The buzz on bees

| Tuesday, September 11, 2007

Even though he’s been stung more times than he cares to admit, OOIDA member and bee hauler Kenny Wyman of Summit, SD, said he looks forward to hauling the temperamental cargo during pollination season every year.

Wyman said bees aren’t the easiest cargo he’s hauled, but his trips are never dull.

“It takes a lot of planning when you haul bees,” he said. “You can’t just stop when you feel like it, especially when it’s hot, because those bees need air flow or they get pretty upset,” he said.

Wyman, who has been trucking for more than 25 years and an owner-operator for the past five years, said he first got involved in bee hauling through friends who started hauling bees.

For the past three years, Wyman has hauled loads of bees for Richard Adee, who is the head of the country’s largest beekeeping operation, Adee Honey Farms in Bruce, SD.

Adee said his company has more than 80,000 colonies of bees. Starting in about two weeks, the majority of those bees will be put on flatbed trailers – amounting to approximately 175 semi loads – that will be hauled out to Bakersfield, CA.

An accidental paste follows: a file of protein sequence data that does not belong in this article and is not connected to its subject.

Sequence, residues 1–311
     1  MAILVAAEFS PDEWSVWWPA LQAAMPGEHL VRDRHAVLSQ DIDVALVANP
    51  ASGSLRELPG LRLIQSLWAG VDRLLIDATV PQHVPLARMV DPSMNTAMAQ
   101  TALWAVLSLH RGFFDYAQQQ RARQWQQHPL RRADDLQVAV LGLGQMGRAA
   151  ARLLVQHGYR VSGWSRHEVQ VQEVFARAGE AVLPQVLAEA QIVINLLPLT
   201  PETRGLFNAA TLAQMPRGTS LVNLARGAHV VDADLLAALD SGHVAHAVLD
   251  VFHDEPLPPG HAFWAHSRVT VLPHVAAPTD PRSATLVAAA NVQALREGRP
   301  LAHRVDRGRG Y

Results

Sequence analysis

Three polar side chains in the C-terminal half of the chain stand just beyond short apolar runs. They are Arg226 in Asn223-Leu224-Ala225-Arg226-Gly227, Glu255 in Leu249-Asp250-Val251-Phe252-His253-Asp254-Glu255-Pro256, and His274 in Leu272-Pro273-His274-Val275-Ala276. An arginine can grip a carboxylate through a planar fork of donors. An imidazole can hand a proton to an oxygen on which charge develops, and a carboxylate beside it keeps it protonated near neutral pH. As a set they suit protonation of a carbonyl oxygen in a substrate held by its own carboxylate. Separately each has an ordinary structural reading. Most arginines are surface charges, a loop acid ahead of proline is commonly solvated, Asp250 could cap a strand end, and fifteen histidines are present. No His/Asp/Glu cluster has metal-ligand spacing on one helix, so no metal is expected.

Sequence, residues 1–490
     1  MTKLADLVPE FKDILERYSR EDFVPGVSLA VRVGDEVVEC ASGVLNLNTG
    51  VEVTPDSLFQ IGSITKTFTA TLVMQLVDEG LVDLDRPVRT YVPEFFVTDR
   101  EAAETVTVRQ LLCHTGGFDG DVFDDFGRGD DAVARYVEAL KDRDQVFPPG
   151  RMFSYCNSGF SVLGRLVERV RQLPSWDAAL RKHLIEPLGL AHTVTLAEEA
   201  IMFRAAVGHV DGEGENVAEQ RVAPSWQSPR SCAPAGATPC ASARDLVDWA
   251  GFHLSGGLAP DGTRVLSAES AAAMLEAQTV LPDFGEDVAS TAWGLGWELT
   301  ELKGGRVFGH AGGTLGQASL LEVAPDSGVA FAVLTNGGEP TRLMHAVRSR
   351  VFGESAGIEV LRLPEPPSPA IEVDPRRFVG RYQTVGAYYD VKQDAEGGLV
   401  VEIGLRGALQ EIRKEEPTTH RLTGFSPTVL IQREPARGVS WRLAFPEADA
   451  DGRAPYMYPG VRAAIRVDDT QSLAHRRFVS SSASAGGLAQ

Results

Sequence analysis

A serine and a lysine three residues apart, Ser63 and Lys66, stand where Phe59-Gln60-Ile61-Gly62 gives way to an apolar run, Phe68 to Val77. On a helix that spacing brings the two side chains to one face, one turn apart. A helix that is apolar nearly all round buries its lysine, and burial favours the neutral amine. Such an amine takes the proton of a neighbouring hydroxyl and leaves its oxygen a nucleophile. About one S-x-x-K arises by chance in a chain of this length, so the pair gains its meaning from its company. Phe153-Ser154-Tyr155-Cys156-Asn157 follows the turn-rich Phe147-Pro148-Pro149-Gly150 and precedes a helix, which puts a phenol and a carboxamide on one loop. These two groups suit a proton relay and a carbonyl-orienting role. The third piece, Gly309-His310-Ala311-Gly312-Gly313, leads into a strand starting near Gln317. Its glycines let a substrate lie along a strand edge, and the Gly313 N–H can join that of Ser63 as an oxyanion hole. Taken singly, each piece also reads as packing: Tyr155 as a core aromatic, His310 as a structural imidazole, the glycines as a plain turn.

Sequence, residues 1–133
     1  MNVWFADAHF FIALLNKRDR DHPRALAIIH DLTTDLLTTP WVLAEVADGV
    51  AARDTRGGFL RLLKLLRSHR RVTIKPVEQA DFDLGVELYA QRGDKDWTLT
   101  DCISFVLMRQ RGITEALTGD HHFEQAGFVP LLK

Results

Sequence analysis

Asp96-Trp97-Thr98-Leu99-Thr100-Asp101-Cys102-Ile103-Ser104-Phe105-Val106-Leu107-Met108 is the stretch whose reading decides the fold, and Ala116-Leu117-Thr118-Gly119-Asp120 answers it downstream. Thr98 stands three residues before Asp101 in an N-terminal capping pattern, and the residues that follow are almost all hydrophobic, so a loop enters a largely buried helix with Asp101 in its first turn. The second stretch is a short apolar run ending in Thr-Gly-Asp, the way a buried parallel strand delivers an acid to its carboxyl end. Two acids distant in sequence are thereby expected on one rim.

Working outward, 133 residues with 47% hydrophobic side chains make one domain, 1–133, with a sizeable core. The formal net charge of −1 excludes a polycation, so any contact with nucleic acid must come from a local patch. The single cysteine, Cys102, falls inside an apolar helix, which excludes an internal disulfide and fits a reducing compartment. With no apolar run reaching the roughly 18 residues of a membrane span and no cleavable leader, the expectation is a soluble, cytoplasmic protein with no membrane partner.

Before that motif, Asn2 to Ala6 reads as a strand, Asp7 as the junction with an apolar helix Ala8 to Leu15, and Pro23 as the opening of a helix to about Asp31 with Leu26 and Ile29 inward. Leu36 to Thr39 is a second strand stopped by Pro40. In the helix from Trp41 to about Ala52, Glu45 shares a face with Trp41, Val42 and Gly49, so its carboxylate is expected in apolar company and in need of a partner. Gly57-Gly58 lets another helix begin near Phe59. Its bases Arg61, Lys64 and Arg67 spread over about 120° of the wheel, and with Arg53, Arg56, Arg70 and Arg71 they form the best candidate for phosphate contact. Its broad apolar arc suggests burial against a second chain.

Once the bees arrive in California, Adee said, they will be fed carbohydrates and protein to help them prepare for the busy pollination season ahead, which starts in February.

Adee said he has already received numerous phone calls from truckers lining up to haul loads of his bees.

“It’s really a good load for the truckers – we try to make it as easy for them as possible,” he said. “We load the pallets on the trailers and put the net over the pallets for them, then we unload the pallets for them when they arrive with their loads.”

Truckers who haul bees for Adee Honey Farms are given detailed instructions on when to travel, when to stop and what to do if there is a problem, according to Adee.

“We try to make sure everything is planned out so our truckers aren’t crossing the desert during the day,” he said. “We also instruct them that if the truck has problems and they have to stop, they know what to do – we have the truckers simulate weather conditions that keep the bees happy – the bees know not to venture out when it’s windy and they know not to go out when it’s raining, so we try to make sure they have air moving or they have water on them to keep them cool.”

What’s with the bees?
There has been a noticeable decline of millions of honeybees across the United States, which could be devastating for growers whose crops depend on pollination by honeybees. Watch for our upcoming article on why bees are so important to the food supply chain.

– By Clarissa Kell-Holland, staff writer
clarissa_kell-holland@landlinemag.com

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